Base stations and health
Base stations are designed to send and receive electrical signals from mobile devices and relay them to a core switching centre. Each base station consists of antennas and a cabinet with equipment to power it. The antennas are usually fixed to a support structure, which is known as a mast.
Your mobile phone only works if it can connect to a base station. The majority of experts and national advisory boards say there is no scientific reason to distance base stations from places where people live and work, as long as the International Commission on Non-Ionizing Radiation Protection (ICNIRP) guidelines are adhered to. These guidelines include a substantial safety margin.
The World Health Organization (WHO) fact sheet on base stations and wireless technologies states that:
“…There is no convincing scientific evidence that the weak RF (radio frequency) signals from base stations and wireless networks cause adverse health effects.”
Surveys have shown that the RF exposures from base stations range from 0.002% to 2% of the levels of international exposure guidelines, depending on a variety of factors such as the proximity to the antenna and the surrounding environment.
Mobile devices and health
Your mobile device converts radio waves into electrical signals in order to send and receive your communications. At its peak (when the phone is turned on), power use ranges between 0.1 and 2 watts. The radio waves that mobile devices rely on are at the non-ionising end of the electromagnetic spectrum. While a mobile device is used close to the human body, a small amount of energy from the radio waves is absorbed and this is converted into heat.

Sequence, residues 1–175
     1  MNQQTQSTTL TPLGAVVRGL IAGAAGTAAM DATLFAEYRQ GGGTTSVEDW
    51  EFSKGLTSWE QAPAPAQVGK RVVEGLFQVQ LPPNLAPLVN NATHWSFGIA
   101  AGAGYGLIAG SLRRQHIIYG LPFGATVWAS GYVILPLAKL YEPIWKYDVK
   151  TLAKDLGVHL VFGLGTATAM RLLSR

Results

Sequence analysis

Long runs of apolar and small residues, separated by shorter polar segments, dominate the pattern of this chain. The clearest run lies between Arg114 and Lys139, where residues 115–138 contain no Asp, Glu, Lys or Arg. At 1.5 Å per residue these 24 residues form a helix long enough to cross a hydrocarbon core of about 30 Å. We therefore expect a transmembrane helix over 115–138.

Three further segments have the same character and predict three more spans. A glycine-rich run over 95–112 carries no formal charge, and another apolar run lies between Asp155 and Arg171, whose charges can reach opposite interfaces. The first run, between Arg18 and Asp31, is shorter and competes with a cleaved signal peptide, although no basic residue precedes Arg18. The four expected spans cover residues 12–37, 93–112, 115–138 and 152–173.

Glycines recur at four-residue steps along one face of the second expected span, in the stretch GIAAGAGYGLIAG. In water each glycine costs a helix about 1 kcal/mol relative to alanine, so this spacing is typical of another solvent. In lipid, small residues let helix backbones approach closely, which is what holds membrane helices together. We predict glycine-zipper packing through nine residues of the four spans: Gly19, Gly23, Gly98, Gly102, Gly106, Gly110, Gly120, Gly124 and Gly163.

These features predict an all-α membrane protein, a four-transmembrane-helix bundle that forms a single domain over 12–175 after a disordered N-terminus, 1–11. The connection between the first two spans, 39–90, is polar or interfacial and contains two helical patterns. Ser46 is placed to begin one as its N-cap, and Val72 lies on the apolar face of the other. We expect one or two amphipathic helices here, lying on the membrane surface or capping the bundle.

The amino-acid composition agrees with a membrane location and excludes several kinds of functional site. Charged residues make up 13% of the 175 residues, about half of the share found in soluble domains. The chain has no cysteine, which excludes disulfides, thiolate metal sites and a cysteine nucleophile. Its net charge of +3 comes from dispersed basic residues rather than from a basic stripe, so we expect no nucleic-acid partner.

Scientific research has concluded that a temperature rise of no more than one degree Celsius is a safe level for the body. Our normal biological processes cool us down and prevent any significant temperature rise in our bodies.
The vast majority of experts, including the WHO, agree that mobiles, operated in line with international guidelines, do not produce enough energy – and therefore heat – to cause long-term changes in the body.
WHO periodically reviews the science and is currently conducting another risk assessment of radio frequency electromagnetic fields. This is based on an extensive review of scientific studies published since their first review in 1993 and is due to be published inbetween 2017 and 2018.